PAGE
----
Authorities have closed the Causeway in both directions because of ice and the Department of Transportation and Development is working hard to make sure all the roadways in southeast Louisiana are safe.
Salt and sand can bring the icing stage from 32 degrees to 28 degrees. The roadways have heat coming up from the ground where bridges have cold surrounding them from the top and bottom, so they ice faster.
A dozen-and-a-half crews hit the steel bridge decks this morning with radar guns drawn, reading the temperatures of the roadways, bridges and elevated highways.
"We've seen some ice developing on the hand rails, signs, on the bridges, the grid deck and that's our trigger point to go on and start deicing," said Fred Wetekamm, engineer with the Louisiana Department of Transportation and Development.
When the temperature of the roadways hits 34 or 33 degrees, the crews mobilize. The Department of Transportation began out on the Hwy. 11 bridge using deicing chemicals, salt and sand.
'Especially the metal decks on the bridges, those are icing up first and then the elevated portions over the waterways are icing up next," Wetekamm said.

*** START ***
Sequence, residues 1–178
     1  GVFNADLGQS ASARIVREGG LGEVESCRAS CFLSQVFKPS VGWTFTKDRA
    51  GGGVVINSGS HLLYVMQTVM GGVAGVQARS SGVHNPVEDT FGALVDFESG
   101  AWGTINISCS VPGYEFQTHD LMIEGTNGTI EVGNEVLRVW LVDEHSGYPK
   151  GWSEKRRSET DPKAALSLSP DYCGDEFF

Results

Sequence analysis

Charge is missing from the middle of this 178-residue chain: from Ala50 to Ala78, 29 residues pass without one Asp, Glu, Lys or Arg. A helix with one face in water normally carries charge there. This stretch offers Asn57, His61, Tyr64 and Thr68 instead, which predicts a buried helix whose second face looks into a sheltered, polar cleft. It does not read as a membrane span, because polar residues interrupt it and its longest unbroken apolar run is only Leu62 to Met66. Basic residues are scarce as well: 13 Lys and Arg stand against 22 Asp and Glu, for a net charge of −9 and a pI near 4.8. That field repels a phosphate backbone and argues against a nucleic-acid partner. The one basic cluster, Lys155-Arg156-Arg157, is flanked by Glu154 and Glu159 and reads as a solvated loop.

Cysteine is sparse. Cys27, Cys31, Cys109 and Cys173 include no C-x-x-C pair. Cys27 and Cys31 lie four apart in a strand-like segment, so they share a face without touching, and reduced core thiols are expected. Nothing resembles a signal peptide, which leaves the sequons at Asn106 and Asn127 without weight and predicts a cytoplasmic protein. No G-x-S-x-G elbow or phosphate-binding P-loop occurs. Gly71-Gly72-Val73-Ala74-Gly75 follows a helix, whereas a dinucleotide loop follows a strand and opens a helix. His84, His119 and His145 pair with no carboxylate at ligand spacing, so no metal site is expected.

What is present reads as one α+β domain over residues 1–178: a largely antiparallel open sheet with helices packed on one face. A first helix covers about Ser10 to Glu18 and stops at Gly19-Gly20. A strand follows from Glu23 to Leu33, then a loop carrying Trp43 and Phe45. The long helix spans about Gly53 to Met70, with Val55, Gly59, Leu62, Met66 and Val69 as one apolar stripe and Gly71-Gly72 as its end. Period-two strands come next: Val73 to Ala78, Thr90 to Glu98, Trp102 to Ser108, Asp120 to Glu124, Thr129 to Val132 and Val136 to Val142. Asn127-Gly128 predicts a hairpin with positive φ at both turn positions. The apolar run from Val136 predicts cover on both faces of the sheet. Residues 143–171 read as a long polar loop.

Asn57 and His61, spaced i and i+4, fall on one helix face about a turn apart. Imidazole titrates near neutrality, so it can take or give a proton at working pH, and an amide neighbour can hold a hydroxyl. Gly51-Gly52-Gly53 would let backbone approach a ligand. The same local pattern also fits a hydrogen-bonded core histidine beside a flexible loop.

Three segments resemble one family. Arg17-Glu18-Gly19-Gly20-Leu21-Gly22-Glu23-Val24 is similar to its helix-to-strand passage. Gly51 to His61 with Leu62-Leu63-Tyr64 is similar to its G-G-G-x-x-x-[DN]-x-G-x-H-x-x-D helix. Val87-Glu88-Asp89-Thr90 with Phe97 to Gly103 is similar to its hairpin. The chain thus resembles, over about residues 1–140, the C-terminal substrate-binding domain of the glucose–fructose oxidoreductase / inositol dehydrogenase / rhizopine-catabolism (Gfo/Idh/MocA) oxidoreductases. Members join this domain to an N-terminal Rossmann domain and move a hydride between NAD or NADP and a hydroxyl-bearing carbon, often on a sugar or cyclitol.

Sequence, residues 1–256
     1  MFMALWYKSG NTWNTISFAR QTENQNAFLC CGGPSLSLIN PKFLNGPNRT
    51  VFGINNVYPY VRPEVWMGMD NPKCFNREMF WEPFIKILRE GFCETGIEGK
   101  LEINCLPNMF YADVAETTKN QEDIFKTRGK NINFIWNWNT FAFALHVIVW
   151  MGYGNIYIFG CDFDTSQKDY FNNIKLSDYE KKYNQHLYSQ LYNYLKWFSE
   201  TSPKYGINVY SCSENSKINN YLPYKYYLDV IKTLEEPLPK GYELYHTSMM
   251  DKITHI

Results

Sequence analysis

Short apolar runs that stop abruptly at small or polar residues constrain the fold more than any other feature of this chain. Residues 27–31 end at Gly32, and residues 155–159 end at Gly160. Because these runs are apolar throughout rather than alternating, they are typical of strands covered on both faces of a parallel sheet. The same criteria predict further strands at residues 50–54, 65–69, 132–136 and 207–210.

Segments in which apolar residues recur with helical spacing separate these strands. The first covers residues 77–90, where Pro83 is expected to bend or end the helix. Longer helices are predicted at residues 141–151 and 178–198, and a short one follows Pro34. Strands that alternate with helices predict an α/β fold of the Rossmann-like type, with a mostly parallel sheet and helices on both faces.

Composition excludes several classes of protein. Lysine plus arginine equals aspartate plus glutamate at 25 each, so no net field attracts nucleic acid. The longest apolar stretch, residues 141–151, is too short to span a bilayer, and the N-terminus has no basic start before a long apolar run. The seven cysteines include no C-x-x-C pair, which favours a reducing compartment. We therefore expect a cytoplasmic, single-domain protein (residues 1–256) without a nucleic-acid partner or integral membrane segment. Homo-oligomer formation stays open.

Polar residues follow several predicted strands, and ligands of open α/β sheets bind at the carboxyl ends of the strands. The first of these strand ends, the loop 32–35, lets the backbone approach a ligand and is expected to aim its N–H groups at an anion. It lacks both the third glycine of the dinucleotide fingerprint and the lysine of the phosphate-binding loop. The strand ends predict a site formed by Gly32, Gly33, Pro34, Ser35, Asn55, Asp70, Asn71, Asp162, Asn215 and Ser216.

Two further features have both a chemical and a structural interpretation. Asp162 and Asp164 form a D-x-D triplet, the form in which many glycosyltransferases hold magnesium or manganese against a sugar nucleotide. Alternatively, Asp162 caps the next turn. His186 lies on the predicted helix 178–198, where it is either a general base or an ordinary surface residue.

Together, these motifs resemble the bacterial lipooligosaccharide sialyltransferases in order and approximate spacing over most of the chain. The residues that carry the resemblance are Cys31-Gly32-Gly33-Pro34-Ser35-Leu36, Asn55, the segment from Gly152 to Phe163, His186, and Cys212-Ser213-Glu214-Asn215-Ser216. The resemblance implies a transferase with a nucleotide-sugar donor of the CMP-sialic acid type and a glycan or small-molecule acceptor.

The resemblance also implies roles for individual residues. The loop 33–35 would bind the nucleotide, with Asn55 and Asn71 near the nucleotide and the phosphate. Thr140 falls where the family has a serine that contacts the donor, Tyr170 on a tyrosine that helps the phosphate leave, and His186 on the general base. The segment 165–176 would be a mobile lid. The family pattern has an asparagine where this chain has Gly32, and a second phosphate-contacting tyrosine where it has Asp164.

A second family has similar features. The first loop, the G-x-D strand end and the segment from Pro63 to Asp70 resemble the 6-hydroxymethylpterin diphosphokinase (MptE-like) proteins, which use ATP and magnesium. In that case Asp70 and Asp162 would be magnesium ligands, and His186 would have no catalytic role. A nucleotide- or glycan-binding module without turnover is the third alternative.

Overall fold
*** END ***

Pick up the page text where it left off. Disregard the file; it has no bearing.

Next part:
The Lake Borgne Basin Levee District lent several hands today as well with equipment and manpower in Chalmette.
"We're going to be out here for as long as it takes, or until we run out of materials, until we run out of salt. And after, then we're going to send our guys home so they can stay with their families," said Nick Cali, the Executive Director of the Lake Borgne Basin Levee District.
It was obvious that people listened to authorities and stayed home, avoiding the wet roads. Work crews saw significantly less traffic than during the cold weather last week.
And sources tells us that last week's pile up on the green bridge was because the Department of Transportation was monitoring the National Weather Service forecast and never thought it would get cold enough for ice. But as the actual weather did dip low, they reacted, the source says, in an hour.